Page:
Where indicated, mice were vaccinated subcutaneously on their contralateral flank with either PBS or 1.0 × 106 35 Gy-irradiated GM-CSF–secreting B16 cells or GM-CSF–secreting 4T1 cells (GVAX) on days 1, 4, and 7 after tumor injections. For chemo combination treatment, HY19636 KPC tumor-bearing mice were treated with GEM (LC Laboratories; cat. #G-4177) at 25 mg/kg body weight by i.p. injection every 4 days from day 10, and 4T1 TNBC tumor–bearing mice were given with doxorubicin (5 mg/kg body weight; LC Laboratories; cat. #G-4000) by i.v. once a week from day 10.
Tumor size was measured with a digital caliper, and tumor volume was calculated using the formula V = (L × W2)/2 and expressed as mm3, where V is tumor volume, L is the length of the tumor (longer diameter), and W is the width of the tumor (shorter diameter). For HY19636 KPC mice, KPC tumors were measured by gross tumor diameter using twice-weekly palpation and external caliper measurement. For MRI, HY19636 KPC-bearing mice were imaged with Bruker 7T small animal Magnetic Resonance Imager (RRID:SCR_019759).
DC Supplementation with VitE and Other Supplements
A stock solution of VitE [(+)-α-Tocopherol, type VI, Sigma-Aldrich; cat. #T1539] was prepared by dissolving VitE in absolute ethanol to a final concentration of 100 mg/mL. To optimize cellular uptake, the VitE stock solution was then mixed in FBS at 1 mg/mL and incubated in a 37°C incubator for 1 hour protected from the light with periodic vortexing. VitE was added to the culture media of mouse BMDCs, mouse TADCs, or human MoDCs at 50 µg/mL (116 µmol/L) or at the indicated concentrations for 24 to 48 hours, in which vehicle (0.02% ethanol in medium) as control. This dose of VitE (50 µg/mL) is safe in humans and this treatment mimics the effects of in vivo feeding with VitE (50 mg/kg) in mice and taking a daily VitE supplement in humans. Vehicle- or VitE-treated DCs were washed twice with PBS before continuing to perform antigen presentation assay, coculture with T cells, or conduct the indicated staining assay.
Mass Cytometry Data Acquisition
The single cells from mouse tumor tissues were prepared as described previously (50). The cells were incubated with metal-conjugated Ab cocktails against surface and intracellular proteins (Supplementary Table S9). To analyze the phosphorylated signal proteins, single cells isolated from tumor tissues of EMT6-bearing mice with indicated vehicle or VitE treatment were stimulated by LPS (100 ng/mL) for 15 minutes in vitro and then stained with distinct isotope-labeling phosphorylated Ab cocktails after permeabilization. Cell samples were then analyzed by Fluidigm Helios Cell Mass Cytometer (RRID:SCR_019917) in the Flow Cytometry and Cellular Imaging Core Facility, which is supported in part by the NIH through MDACC Support Grant (CA016672) and a Shared Instrumentation Award from the Cancer Prevention Research Institution of Texas (CPRIT; RP121010). Detailed CyTOF sample collection and data analysis are described in the Supplementary Methods.
Flow Cytometry and Immunoblotting
Detailed protocols for flow cytometry and immunoblotting are described in the Supplementary Methods, and antibodies used in these protocols are listed in Supplementary Tables S10 and S11, respectively.
Statistical analyses were performed with GraphPad Prism v.8.0 (RRID:SCR_002798). Unless mentioned otherwise, all data are presented as mean with SEM. Sample size, error bars, and statistical methods are reported in the figure legends. P values are shown in figures or associated legends. The statistical significance of differences between two experimental groups was assessed by unpaired two-tailed Student t test, and one-way analysis of variance (ANOVA) was performed for comparisons between more than two groups unless indicated otherwise. Pearson correlation analysis was performed for correlation analysis. No statistical methods were used to predetermine sample size in the mouse studies, and mice with matched sex and age were randomized into different treatment groups and, where possible, mixed among cages. For the Kaplan–Meier analyses of clinical data, the log-rank test was used to compare groups. The significance of survival outcomes in each cohort was not affected when adjusted for race/ethnicity, age at the start of ICT in a multivariate analysis. Statistics on patient demographics were conducted by a two-sided Fisher exact test, and related analyses were performed on the IBM SPSS Statistics version 23 (RRID: SCR_019096).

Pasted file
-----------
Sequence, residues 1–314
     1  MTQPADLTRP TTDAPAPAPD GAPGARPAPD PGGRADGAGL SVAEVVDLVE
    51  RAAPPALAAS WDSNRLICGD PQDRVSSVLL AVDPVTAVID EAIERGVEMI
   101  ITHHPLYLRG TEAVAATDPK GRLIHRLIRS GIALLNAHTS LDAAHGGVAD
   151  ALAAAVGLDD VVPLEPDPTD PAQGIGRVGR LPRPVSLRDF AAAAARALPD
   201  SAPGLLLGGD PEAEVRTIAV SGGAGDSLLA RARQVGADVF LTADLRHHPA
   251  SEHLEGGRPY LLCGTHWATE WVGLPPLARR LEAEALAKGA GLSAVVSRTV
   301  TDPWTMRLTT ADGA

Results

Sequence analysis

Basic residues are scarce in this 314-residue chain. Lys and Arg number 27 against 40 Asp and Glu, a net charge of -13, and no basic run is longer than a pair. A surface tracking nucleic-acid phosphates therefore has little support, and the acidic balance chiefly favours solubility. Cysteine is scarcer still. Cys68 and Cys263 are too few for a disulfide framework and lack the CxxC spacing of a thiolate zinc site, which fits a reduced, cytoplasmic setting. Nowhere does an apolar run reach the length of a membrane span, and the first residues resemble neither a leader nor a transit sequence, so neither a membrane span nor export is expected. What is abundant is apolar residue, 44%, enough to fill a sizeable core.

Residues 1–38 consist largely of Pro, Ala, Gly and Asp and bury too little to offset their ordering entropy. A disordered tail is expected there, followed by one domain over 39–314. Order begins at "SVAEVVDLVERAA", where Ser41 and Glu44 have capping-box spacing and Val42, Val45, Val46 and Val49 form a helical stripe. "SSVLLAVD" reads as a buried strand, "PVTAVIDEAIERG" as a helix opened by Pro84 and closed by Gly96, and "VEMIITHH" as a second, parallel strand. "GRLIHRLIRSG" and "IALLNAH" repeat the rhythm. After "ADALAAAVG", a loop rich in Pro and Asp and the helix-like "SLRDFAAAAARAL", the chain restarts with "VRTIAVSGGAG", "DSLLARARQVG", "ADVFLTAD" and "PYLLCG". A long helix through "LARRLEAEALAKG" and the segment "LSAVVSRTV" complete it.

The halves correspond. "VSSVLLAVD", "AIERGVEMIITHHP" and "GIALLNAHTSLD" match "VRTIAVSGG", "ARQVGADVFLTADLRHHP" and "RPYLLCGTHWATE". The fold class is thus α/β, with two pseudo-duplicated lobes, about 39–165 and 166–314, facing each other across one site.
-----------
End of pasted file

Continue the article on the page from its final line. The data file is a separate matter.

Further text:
The human clinical data generated in this study are not publicly available due to patient privacy requirements of MDACC and the Houston Methodist Hospital. Other data generated in this study are available within the article and its Supplementary Data files.
X. Yuan reports a patent for 63/252,721 pending. Y. Duan reports a patent for 63/252.721 pending. Y. Xiao reports a patent for 63/252.721 pending. Y. Qi reports a patent for 63/252.721 pending. A.E. Yuzhalin reports grants from the U.S. Department of Defense outside the submitted work. D. Yu reports grants from the NIH and METAvivor Research and Support, Inc. during the conduct of the study, as well as a patent for 63/252.721 pending. No disclosures were reported by the other authors.
X. Yuan: Conceptualization, data curation, formal analysis, validation, investigation, methodology, writing–original draft, writing–review and editing. Y. Duan: Data curation, formal analysis, investigation, methodology, writing–review and editing. Y. Xiao: Data curation, formal analysis, validation, investigation, methodology. K. Sun: Data curation, formal analysis, validation. Y. Qi: Data curation, formal analysis, investigation. Y. Zhang: Data curation, formal analysis, investigation. Z. Ahmed: Data curation, formal analysis, investigation. D. Moiani: Formal analysis, investigation. J. Yao: Data curation, formal analysis. H. Li: Formal analysis, investigation. L. Zhang: Formal analysis, investigation. A.E. Yuzhalin: Writing–review and editing. P. Li: Investigation. C. Zhang: Formal analysis. A. Badu-Nkansah: Writing–review and editing. Y. Saito: Investigation. X. Liu: Investigation. W. Kuo: Methodology. H. Ying: Resources, investigation. S. Sun: Methodology. J.C. Chang: Resources, validation, investigation. J.A. Tainer: Resources, validation, investigation, writing–review and editing. D. Yu: Conceptualization, resources, data curation, formal analysis, supervision, validation, investigation, methodology, writing–original draft, project administration, writing–review and editing.
We thank the NIH Tetramer Core Facility for providing gp70 tetramer and OVA tetramer, Dr. Jedd Wolchok for the B16-GMCSF cell line, Dr. Hideo Yagita for the hybridoma RMP1-14, and Drs. Stephanie Watowich, Chunru Lin, Jianjun Gao, and Florencia McAllister for critical comments on the manuscript. This work was supported by NIH grants R01CA184836 (D. Yu), R01CA208213 (D. Yu), and R01CA231149 (D. Yu), METAVivor research grants #56675 and #58284 (D. Yu), MD Anderson Duncan Family Institute for Cancer Prevention and Risk Assessment (D. Yu), and NIH Cancer Center Support Grant P30CA016672 to MDACC (Flow Cytometry and Cellular Imaging Facility, Functional Genomics Core, Functional Proteomics Core, Research Histology Core, Characterized Cell Line Core, and Research Animal Support Facility-Houston). J.A. Tainer is supported by Cancer Prevention Research Institute of Texas (CPRIT) grant RP180813, NIH grants P01CA092584 and R35CA220430, and the Robert A. Welch Chemistry Chair. D. Yu is the Hubert L. & Olive Stringer Distinguished Chair in Basic Science at MDACC.